Mumbai/New Delhi: Capital flows into the country and their impact on different sectors of the economy have emerged as key risk factors that economic policymakers have to grapple with, Reserve Bank of India (RBI) officials have said over the last two days.
All options to tackle it remain on the table, they said.
At a meet in New Delhi on Wednesday to launch an International Monetary Fund (IMF) study, Subir Gokarn, deputy governor at RBI, said the central bank’s interaction with the market ahead of its policy announcements showed capital flows were regarded as a significant challenge.
Compared with other emerging markets, India has allowed the impact of the flows to show up through an appreciation in the exchange rate, but circumstances could change, Gokarn said.
Separately, RBI governor D. Subbarao, at a Swiss National Bank-IMF conference in Zurich on Tuesday, said India’s flexible exchange rate policy is a disadvantage when trading partners or competitors have a fixed rate policy.
“If we have a flexible exchange rate and if other countries, which are our trading partners or competitors for the same export markets, have a fixed exchange rate, we get disadvantaged,” Subbarao said, chairing a session at a conference on the “International Monetary System”.
While the rupee appreciated 13% in nominal terms in fiscal 2010, in real terms the appreciation was much higher at 19%, “because of the inflation differential between us and our trading partners”, the RBI governor said. “This has implications for our external competitiveness at a time when world trade is recovering and concerns about protectionism are resurfacing.”
“When the competing nation’s currencies are also fluctuating, it evens out the loss incurred due to local currency appreciation, but it is very hard to compete against fixed currencies as that of China,” said Ajay Sahai, director general of the Federation of Indian Export Organisations.
India has tight regulations on capital inflows into debt instruments or through debt instruments, while those regarding equities are relatively liberal.
The country is not contemplating levies such as a Tobin tax at this point to curb capital inflows, but Subbarao said, “No policy instrument is clearly off the table and our choice of instruments will be determined by the context.”
Named after James Tobin, a Nobel laureate economist from Yale University, Tobin tax is a transaction tax on currency speculation.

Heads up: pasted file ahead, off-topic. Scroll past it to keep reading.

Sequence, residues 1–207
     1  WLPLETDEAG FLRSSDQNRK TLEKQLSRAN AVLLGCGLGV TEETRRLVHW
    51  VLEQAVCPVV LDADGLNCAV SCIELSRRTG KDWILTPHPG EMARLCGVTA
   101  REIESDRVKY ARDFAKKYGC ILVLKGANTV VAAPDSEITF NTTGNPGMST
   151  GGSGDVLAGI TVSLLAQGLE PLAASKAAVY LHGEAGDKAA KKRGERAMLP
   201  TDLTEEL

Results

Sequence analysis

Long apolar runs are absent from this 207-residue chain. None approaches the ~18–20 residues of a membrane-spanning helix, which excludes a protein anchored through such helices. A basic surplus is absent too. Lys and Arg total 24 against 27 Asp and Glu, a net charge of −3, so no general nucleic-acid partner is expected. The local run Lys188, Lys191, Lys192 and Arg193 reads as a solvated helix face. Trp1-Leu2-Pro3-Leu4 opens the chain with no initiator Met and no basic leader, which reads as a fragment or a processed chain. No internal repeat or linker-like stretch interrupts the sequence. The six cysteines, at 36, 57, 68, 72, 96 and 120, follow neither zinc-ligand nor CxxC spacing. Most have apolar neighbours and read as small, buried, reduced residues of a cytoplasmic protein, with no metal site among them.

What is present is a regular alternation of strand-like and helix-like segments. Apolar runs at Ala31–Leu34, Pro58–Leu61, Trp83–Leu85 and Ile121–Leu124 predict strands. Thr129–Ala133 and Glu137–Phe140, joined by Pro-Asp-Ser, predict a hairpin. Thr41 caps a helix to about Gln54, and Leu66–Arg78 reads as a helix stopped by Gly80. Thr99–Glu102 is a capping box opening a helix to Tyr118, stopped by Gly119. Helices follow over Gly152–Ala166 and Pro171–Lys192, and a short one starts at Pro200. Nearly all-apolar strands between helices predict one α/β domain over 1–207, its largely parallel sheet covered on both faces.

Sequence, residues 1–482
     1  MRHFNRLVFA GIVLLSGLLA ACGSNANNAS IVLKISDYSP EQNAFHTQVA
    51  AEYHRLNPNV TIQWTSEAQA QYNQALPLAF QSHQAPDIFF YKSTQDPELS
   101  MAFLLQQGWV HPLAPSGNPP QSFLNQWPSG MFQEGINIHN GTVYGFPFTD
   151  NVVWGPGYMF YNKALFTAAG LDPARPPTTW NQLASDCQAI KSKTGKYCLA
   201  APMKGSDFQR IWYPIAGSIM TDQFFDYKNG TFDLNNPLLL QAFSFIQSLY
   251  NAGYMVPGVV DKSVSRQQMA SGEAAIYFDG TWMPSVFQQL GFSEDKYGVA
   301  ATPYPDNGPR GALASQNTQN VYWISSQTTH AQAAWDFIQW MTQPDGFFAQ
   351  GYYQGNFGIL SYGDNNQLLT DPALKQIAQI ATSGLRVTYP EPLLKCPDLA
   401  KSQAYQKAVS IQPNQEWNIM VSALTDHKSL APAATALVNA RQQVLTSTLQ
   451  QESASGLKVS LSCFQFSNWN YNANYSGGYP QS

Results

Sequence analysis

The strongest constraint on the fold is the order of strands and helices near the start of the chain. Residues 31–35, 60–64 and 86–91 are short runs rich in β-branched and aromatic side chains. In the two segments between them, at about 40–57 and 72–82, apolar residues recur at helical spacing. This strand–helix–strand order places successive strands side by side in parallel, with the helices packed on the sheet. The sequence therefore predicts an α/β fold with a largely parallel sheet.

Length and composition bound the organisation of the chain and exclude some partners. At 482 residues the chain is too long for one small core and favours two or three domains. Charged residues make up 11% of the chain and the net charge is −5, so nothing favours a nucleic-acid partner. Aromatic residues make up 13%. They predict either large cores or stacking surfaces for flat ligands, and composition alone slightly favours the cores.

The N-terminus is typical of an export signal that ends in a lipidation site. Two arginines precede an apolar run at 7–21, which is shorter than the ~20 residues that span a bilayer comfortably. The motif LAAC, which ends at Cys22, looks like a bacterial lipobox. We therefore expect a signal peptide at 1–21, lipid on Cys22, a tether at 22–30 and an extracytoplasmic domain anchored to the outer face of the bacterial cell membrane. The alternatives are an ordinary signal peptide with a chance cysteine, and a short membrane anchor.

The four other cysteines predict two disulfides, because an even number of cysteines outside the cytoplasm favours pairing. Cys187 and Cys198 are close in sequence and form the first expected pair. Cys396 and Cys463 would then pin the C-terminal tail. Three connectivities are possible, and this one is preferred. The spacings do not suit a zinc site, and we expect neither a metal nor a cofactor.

When capital inflows exceed the level at which they can be absorbed by the economy, the central bank has to choose between letting the rupee appreciate or intervening in the forex market to prevent it from strengthening. Intervention in the foreign exchange market adds to liquidity in the domestic market, which if not sterilized, can be inflationary.
India’s inflation, as measured by the Wholesale Price Index, in March was 9.9%. The rise in inflation over the last few months is of concern, finance minister Pranab Mukherjee said at a Confederation of Indian Industry event on Wednesday.
Despite the challenges posed by capital inflows, Subbarao said there would be no sudden change in India’s approach to capital account convertibility.
He said India will continue to move towards liberalizing the capital account, “but we will revisit the road map to reflect the lessons of the crisis”.
Net capital flows to India increased from $7 billion (Rs31,710 crore today) in 1990-91 to $45 billion in 2006-07, and further to $107 billion during 2007-08, according to RBI.
Capital flows dropped to $7 billion in 2008-09, at the height of the global financial crisis, but now they are estimated to have recovered to around $50 billion in 2009-10, Subbarao said.
The fluctuation in the capital flows and the resultant volatility in exchange rates show that India has a flexible exchange rate policy despite not having a fully convertible currency.
While in fiscal 2007 and 2008 the rupee appreciated 2.3% and 9%, respectively, the currency depreciated 21.5% in 2008-09 when capital flows thinned out, but by fiscal 2010 the rupee again recovered to appreciate 12.9%.
The local currency depreciated last week by 2.5%, but following the $1 trillion bailout package to Greece, it sharply rebounded to gain 1.4% in a single day on Monday to close at 44.85 against the dollar. However, on Tuesday, the rupee depreciated to close at 45.30. On Wednesday, it strengthened to close at 45.10 to the dollar.
According to Gokarn, a key challenge facing the central bank today is to find a way to normalize policy stance without disrupting recovery.